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Molecular analysis of mucopolysaccharidoses: identification and characterization of pathogenic mutations in Indian population
© Uttarilli et al; licensee BioMed Central Ltd. 2014
Published: 21 January 2014
Mucopolysaccharidosis (MPS) are a group of rare inherited metabolic disorders which are caused due to the deficiency of a specific lysosomal enzyme involved in the catabolism of glycosaminoglycans. These disorders show a wide clinical spectrum ranging from severe, intermediate and mild phenotypes. Most of them show overlapping clinical features such as corneal clouding, coarse facies, hepatosplenomegaly, skeletal dysplasia, short stature, dysostosis multiplex, joint stiffness, joint contractures, cardiovascular and respiratory difficulties. Certain MPS disorders also show impaired neurological functions leading to mental retardation. They are inherited as an autosomal recessive with exception of MPS II, which is X-linked recessive disorder. They exhibit clinical, genetic as well as molecular heterogeneity. To date more than 200 mutations in IDUA, ~ 500 in IDS, ~ 200 in GALNS and ~ 200 in ARSB have been reported worldwide. The mutation spectrum of MPS disorders in Indian population is not characterized and established yet. This study was done to establish mutation spectrum in the Indian population that can be useful for the design of cost-effective strategies towards the molecular diagnosis of MPS disorders.
Materials and methods
We have carried out mutation analysis of a total of 90 different MPS disorder patients (MPS I, II, IV and VI) and identified a total of 64 different mutations comprising majorly missense, nonsense, small deletions and splice site mutations. The mutations were further characterized using mutation prediction software and protein structure analysis for pathogenicity prediction.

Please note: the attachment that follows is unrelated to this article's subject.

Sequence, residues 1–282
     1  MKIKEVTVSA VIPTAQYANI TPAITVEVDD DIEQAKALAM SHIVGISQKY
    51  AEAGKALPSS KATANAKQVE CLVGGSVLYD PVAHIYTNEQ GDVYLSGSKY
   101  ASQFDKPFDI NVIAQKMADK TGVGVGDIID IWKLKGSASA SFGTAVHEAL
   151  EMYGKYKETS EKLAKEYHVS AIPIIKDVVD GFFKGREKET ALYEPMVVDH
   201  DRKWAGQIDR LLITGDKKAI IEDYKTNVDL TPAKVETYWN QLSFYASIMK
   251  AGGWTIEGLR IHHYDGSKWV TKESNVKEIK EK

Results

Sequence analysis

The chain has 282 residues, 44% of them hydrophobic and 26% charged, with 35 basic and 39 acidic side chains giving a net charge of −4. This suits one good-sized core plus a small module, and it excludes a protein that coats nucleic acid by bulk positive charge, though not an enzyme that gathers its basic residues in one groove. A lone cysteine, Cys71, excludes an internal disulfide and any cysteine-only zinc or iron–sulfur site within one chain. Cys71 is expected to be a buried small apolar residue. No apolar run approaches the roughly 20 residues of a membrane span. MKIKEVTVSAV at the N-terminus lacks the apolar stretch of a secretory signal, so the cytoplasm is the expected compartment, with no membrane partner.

The characterization of mutational spectrum of Indian patients is likely to be useful in provision of better carrier diagnosis and prenatal diagnosis for patients with MPS disorders and also aids in designing of newer therapeutics for efficient treatment. It also helps in establishment of genotype-phenotype correlation and provision of better genetic counselling to the families with MPS affected members.
This article is published under license to BioMed Central Ltd. This is an Open Access article distributed under the terms of the Creative Commons Attribution License (http://creativecommons.org/licenses/by/2.0), which permits unrestricted use, distribution, and reproduction in any medium, provided the original work is properly cited. The Creative Commons Public Domain Dedication waiver (http://creativecommons.org/publicdomain/zero/1.0/) applies to the data made available in this article, unless otherwise stated.